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The figure above is for reference. Usually, the static radial seal is defined “b” when the seat is obtained in the shaft or “cylinder seal” when the seat is obtained in the external part.

Sizing of the O-Ring for radial seal.

The sizing of the O-Ring for a radial seal requires a few more precautions than the axial seal. A rubber item has much wider tolerances than a plastic or steel product. It is absolutely necessary to consider this characteristic when calculating the correct dimensions, otherwise, there is the risk of having O-Rings (usually) wider than necessary.

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Figura C

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Figura D

Figure C shows a “cylinder seal” with the seat obtained in the external part.

In this case, the O-Ring is positioned inside the seat before inserting the shaft. It is, therefore, necessary to size the O-Ring taking into consideration that its external diameter (De) must “push” on the external wall of the seat. In this way, the risk of the O-Ring being expelled during the insertion of the shaft is reduced and in addition, negative diameter tolerances are compensated for.

Figure D shows a “piston seal“. In this case, the O-Ring must be fitted in the seat in the shaft.

It is necessary to ensure that the O-Ring has an internal diameter smaller than the diameter of the seat in order to make it adhere better and ensure that the insertion of the cylinder does not damage the seal and to cancel any positive manufacturing tolerances.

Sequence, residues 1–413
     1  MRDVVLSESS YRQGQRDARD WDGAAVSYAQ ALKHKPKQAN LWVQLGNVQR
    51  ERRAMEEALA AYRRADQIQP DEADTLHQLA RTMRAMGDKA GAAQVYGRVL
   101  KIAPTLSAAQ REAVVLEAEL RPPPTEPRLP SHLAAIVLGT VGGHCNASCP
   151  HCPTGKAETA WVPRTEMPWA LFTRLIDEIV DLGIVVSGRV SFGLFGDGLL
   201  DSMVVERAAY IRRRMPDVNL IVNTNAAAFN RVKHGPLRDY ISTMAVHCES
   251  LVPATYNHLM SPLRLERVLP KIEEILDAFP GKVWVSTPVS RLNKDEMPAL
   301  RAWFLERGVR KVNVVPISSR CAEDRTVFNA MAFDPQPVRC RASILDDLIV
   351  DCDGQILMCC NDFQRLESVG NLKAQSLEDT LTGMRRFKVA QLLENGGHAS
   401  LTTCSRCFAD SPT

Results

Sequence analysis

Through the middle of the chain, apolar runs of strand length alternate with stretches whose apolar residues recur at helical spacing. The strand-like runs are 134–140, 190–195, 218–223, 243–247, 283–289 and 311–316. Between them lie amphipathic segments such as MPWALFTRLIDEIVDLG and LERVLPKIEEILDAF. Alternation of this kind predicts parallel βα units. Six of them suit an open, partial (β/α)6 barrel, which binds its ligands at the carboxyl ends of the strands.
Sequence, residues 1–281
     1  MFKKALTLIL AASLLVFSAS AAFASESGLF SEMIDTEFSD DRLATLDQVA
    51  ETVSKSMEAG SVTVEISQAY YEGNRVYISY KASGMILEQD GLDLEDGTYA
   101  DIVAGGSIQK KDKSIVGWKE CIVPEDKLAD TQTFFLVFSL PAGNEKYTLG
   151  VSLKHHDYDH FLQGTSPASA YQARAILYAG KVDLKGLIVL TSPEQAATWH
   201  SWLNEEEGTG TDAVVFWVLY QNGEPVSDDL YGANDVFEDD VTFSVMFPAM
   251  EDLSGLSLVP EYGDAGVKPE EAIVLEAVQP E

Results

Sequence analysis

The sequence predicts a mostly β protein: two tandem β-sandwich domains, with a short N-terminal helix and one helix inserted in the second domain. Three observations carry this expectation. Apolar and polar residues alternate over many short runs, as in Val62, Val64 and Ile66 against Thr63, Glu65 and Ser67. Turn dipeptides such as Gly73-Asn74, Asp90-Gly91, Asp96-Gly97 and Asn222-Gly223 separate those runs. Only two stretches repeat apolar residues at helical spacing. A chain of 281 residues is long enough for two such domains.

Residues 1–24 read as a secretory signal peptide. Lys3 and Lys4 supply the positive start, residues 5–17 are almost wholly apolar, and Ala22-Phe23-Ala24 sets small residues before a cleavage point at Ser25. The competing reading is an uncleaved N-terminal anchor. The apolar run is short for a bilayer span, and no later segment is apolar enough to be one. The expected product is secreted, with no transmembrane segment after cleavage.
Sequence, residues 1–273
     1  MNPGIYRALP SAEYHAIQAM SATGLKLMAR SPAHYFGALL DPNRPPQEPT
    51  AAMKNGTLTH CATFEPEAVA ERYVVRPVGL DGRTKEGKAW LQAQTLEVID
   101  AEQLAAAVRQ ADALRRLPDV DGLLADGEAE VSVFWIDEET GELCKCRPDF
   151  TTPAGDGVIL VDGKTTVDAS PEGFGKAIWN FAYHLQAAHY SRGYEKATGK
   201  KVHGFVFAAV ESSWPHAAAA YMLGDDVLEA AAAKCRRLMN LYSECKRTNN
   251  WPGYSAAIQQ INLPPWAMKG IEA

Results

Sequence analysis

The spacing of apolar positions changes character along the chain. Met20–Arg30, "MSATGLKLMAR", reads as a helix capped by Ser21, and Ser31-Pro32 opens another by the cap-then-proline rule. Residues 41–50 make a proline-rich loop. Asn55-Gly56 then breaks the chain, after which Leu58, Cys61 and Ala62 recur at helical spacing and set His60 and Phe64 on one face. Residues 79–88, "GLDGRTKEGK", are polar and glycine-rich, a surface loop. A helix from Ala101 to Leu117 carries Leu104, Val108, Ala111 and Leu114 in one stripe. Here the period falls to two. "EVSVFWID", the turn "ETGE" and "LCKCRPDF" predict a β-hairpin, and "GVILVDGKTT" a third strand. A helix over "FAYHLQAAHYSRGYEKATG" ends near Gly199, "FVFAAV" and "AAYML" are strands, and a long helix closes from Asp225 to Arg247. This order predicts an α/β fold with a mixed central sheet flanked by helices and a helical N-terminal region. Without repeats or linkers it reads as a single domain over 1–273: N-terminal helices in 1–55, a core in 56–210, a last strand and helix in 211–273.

A reduction in the internal diameter of the O-Ring compared to that of the seat should be considered in the latter case it is better to reduce the diameter of the O-Ring by 2% – 4% depending on the hardness of the material and the diameter of the cross-section.

The radial sizing of an O-Ring is a fairly simple process but it is very easy to make mistakes, especially with large diameters, because the internal diameter of the seat is considered to be the same as the internal diameter of the O-Ring. Consider what has been specified above for figure D to avoid sizing O-Rings with diameters that are too large compared to the cavity.

The graph below shows the initial crushing percentage to be applied to the O-Ring according to the cross-section size (cord).
Usually, the initial crushing of the O-Ring cord decreases as the cord diameter increases and is more pronounced in hydraulic applications (due to higher pressures).

The crushing in this case has the task of:

  • Reaching the correct sealing state to avoid leaks;
  • Compensating for manufacturing tolerances.
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All this is obviously part of our daily work and the good design of an O-Ring, although simpler and faster than the systems in which it will be mounted, is the first fundamental step for the success of the whole project.

Do not hesitate to ask us for any clarification or help with it, write to us, our Technical Staff will be happy to assist you.

DensityHardnessTensile StrengthElongationtr 10C.SET 48H % (°C)C.SET 72H % (°C)T. MinT. Max